"a fish, a barrel, and a smoking gun"
for 24 May 1996. Updated every WEEKDAY.



[Windup Car]

It's high time we took a serious

look at the phenomenon of

Internet profits. As we gaze

into the universe of cyberspace,

onto those millions upon

trillions of nodes, it seems

completely natural to be taken

by a sentiment of wonder that

feels not unlike having skipped

lunch. We cannot help but ask:

Are they out there? And if so,

do they beat the Schwab 1000?



Nowhere has the skepticism been

louder than at that hotbed of

anti-capitalism, UC Berkeley.

Biophysicist Mark Wood paints an

unlikely picture of the

atmosphere it would take to

sustain any form of profit on

the Internet: 25% electrons, 30%

bits, 45% bucks. Taking a page

from Negroponte, Wood adds with

a smirk, the bucks are doubling

every three months, but the bits

are doubling every three weeks.

Chart this five years into the

future, and the line graph looks

suspiciously like a donkey.

Meanwhile, across campus, the

economics department conducted a

more empirical survey. So far,

Internet players break down into

two groups: the majority (57%),

who spend more than they take

in; and the minority (43%), who

take in less than they spend.

Another Berkeley professor, a

linguist from the cultural

studies department, offers this



Applications => Applets

Profits => Pits


Yet reports of Internet profits

continue to trickle in from far

away places. So many, in fact,

that the cries are beginning to

harmonize, and several times

have broken out in a rendition

of "On Top of Old Smokey." Is it

possible that the academics are

wrong? We decided to investigate

some of the rumors.



We responded to a classified

advertisement on the back of a

Chicago weekly. Ten dollars

covered the postage and handling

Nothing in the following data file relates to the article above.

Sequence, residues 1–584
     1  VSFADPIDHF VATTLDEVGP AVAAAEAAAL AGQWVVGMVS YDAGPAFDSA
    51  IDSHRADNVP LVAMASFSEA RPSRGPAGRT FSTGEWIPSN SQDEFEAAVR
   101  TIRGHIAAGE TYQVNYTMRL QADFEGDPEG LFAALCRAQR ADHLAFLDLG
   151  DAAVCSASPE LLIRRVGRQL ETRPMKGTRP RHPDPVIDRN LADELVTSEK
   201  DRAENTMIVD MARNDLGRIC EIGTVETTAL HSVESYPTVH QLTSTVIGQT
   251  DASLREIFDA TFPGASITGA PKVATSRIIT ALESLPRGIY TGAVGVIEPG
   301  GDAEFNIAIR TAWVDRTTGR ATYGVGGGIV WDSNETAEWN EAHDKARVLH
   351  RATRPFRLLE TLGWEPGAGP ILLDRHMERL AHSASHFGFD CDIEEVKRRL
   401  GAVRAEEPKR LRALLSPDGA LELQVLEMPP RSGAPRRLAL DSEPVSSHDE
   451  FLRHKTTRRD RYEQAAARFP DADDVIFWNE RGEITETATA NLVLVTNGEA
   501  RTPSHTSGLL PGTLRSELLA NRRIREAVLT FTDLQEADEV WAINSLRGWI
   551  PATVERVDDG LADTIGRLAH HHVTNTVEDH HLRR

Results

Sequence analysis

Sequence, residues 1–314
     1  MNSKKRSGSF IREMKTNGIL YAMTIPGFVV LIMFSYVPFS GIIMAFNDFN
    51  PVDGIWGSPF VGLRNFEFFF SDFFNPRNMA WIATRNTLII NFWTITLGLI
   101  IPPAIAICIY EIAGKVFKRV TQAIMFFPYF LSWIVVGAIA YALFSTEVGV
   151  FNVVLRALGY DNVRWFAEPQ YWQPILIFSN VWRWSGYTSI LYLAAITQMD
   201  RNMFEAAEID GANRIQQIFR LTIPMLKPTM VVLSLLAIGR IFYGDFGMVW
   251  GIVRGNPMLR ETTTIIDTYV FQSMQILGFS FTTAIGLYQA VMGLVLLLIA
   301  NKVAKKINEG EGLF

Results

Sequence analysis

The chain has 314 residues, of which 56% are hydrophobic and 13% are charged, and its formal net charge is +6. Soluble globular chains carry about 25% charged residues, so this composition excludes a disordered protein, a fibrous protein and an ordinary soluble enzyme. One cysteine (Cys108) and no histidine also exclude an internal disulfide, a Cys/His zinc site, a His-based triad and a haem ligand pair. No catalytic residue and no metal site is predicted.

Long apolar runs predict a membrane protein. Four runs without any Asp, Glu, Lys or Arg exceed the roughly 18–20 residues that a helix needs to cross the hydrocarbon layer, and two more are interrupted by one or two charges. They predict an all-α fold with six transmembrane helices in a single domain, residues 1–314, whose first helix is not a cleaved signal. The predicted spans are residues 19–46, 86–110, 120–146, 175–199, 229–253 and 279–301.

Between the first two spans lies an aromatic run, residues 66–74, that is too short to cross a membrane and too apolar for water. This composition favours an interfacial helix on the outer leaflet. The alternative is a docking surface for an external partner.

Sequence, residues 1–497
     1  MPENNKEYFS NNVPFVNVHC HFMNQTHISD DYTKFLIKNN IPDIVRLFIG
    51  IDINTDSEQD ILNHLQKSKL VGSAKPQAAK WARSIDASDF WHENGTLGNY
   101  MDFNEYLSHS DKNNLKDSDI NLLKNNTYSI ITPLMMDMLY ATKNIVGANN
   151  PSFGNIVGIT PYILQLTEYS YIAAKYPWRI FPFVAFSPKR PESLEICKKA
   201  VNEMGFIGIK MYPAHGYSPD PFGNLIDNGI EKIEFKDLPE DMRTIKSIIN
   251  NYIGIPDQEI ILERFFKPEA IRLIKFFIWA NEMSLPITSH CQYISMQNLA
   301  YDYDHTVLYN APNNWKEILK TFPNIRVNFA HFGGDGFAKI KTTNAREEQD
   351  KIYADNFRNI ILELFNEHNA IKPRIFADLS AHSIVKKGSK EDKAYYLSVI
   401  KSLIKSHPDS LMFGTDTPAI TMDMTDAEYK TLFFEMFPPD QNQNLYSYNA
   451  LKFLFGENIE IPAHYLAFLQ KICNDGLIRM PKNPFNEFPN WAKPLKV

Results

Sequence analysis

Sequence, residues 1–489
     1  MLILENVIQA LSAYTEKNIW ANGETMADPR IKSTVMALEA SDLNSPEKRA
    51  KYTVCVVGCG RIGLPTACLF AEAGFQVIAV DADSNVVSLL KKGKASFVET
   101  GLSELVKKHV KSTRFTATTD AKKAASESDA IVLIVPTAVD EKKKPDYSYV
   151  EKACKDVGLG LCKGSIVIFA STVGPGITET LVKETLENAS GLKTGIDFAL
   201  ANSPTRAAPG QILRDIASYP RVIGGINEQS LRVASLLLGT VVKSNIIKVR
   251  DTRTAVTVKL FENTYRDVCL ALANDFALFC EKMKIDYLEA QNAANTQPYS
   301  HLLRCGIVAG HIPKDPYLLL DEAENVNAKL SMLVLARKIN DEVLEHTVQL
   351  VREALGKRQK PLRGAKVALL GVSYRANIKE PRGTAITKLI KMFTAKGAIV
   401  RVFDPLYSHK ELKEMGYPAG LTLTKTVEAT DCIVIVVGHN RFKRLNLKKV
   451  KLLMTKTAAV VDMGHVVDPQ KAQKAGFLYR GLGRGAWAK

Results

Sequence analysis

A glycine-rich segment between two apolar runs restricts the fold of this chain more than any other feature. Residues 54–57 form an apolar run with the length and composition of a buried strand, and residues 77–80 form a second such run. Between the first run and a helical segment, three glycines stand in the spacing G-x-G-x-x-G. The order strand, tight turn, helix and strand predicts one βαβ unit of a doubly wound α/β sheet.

for a free catalog listing books

about making money on the

Internet. The books cost about

$20 each, a small investment to

embark on a new career. At the

bottom of every page is a

reminder that the catalog

compiler consults for only $80

an hour. We were beginning to

see where this was headed. It

seemed a confirmation of Max

Vegal's fateful prediction, made

at a MacWorld party in 1990,

when he wrote on a napkin:


For the next five years,

individuals will make money, but

businesses will have a harder

time of it.


Vegal theorized that this is

because businesses have to pay

for revenue acquisition costs,

more commonly known as lurch.

The napkin was slightly wet, and

it's possible he meant lunch. If

he did, he should be released

from the State Psychiatric

Hospital immediately.


In case we've lost any readers in

technical jargon, businesses are

things with employees. Under

Internal Revenue Service Rule

503(d)2, you're an employee if

somebody yells at you more than

once a month. Sometimes

businesses have products, but

that is not essential. It's

important to remember that

businesses are not quite the

same as corporations.

Technically, corporations are

legal fictions, which means they

get to make up their own laws

and aren't bound by the IRS.



As if these false leads were not

disheartening enough, the

writing of this article brought

the validity of the first

Internet shopping transaction

into doubt. The

generally-accepted first

transaction belonged to one Tom

Fleck of Bend, Oregon, a large

man who had trouble finding

padded athletic socks that fit

his size 15 feet. In 1991, he

came across the website Socks

Your Size, which specializes in

socks tailored to every size.

Using his credit card, he bought

one test pair for $4.99. But

just last month, IETF

investigators discovered that in

1988 Tom Fleck sent email to

Socks Your Size asking for size

16 socks. Had his feet shrunk?

They flew to Bend, dropped in on

Fleck's house unannounced, and

surprised his wife, who was

vacuuming. Nobody quite

remembers what she said, because

the vacuum was very loud, but

their next stop was Fleck's

place of business - you guessed

it - Socks Your Size, a thin

storefront in a strip mall next

to a shoe emporium. Fleck had no

customers. His hands were busy

with darning needles.

Investigators cordoned off the

area. "Don't tell my wife!" he

yelled. "She thinks I'm

successful!" He then attempted

to take his own life, pulling

several size 22 wool stockings

over his head. Luckily, he put

them on inside out, and his

attempt failed, though he did